06 December 2020
International mining officials say the coronavirus crisis has led to increased automation in the industry.
The changes are likely to lead to lower costs and smaller, cleaner mines where more can be done with fewer people, the officials said. Industry leaders spoke about the issue at the Imarc mining conference in the southeastern Australian city of Melbourne.
Conference attendee Suresh Vadnagra is the chief technology officer for Newcrest, one of the world's largest gold-mining companies. "The pandemic has forced us to think about how we can do more of the work that had to happen on site, remotely. And how we do those tasks with less people," he said.
An increasing number of companies are looking at ways to better use machines and "big data" to improve their business operations, Vadnagra added. Big data is a term for very large amounts of information produced by people using the internet. Big data can only be stored, understood and used with the help of special computers and methods.
Australia's three largest ore mining companies already have control centers in cities that supervise parts of their operations from hundreds of kilometers away. Such centers are becoming more common.
Experts say one example of big data's use in the industry is in ore collection operations. When sensor equipment is placed inside drill holes, it can provide positioning data and identify ground materials.
Such data permits mining companies to use machine learning to produce models to help improve explosive mining methods, said Dirk van Soelen. He is the vice president of explosives manufacturer Dyno Nobel.
Improvements like this, along with new technologies, will help British mining company Anglo American reduce costs by 10 to 20 percent in coming years, Chief Executive Mark Cutifani said.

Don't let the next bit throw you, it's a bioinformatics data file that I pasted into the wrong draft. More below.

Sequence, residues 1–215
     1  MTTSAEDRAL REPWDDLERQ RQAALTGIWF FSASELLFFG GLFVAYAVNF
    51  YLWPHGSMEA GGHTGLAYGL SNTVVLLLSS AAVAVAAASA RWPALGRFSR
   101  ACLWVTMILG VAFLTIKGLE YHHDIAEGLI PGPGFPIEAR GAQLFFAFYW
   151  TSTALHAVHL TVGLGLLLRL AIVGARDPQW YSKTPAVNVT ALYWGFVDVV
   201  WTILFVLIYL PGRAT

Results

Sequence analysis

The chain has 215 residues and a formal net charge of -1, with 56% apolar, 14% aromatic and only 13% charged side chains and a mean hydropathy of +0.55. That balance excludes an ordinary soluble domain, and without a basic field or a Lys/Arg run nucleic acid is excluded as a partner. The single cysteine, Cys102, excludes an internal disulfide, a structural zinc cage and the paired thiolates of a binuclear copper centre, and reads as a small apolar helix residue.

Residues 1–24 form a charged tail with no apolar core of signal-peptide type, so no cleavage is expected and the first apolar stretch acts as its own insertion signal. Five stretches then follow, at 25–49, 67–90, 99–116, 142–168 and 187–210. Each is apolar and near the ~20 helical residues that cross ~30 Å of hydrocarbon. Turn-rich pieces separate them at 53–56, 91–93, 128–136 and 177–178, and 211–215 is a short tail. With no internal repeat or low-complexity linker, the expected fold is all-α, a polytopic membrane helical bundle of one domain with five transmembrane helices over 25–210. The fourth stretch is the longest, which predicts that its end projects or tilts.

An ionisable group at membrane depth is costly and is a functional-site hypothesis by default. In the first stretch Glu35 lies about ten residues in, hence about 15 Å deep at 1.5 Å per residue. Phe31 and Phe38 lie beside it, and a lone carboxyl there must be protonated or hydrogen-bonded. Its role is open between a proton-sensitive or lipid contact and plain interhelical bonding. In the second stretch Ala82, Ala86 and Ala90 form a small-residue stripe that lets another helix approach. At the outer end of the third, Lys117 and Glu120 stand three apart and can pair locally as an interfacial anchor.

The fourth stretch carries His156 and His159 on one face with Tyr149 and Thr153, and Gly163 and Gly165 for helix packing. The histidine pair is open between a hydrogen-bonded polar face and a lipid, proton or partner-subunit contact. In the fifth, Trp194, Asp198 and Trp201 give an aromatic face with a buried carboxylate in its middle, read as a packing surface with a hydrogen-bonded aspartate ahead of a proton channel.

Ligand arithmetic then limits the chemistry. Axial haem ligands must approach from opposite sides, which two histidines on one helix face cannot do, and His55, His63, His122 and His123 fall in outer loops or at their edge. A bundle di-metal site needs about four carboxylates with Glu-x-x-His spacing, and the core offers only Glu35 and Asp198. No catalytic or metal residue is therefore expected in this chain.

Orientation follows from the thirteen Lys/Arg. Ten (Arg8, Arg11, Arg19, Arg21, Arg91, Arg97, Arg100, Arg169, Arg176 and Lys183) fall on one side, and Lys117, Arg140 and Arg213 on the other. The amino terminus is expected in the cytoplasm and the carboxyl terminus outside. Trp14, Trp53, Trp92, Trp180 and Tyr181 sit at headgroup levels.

"Using automation and industrial processes, we have changed mining methods," he told Reuters news agency. Cutifani said his company had started using imaging technology to automatically scan and divide pieces of ore.
The method is expected to be used throughout the company "in the next few years," he added. The technology has led to drops in Anglo American's "energy intensity," Cutifani said.
Big data is also permitting companies to better track energy use and carbon emissions, said Bas Mutsaers, a marketing expert at European energy company Schneider Electric.
"We can use this data to confirm our understanding of the processes at the site, to see correlations," Mutsaers said. This could help miners predict when to use, produce, store or sell energy on solar farms, he added.
Machine learning methods can permit companies "to do this at ever higher levels of complexity and speed," Mutsaers said.
I'm Bryan Lynn.
Reuters reported on this story. Bryan Lynn adapted the report for VOA Learning English. Mario Ritter, Jr. was the editor.
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Words in This Story
automation – n. to run or operate something using machines and computers instead of many workers
remote – adj. far away, from a distance
task – n. a piece of work, a particular job
drill – v. to make a hole in a material or the ground using a machine for the purpose
scan – v. to make an image or picture of something for use by a computer
track – v. to follow in order to find out more about something
correlation – n. the relationship between thing that happen or change together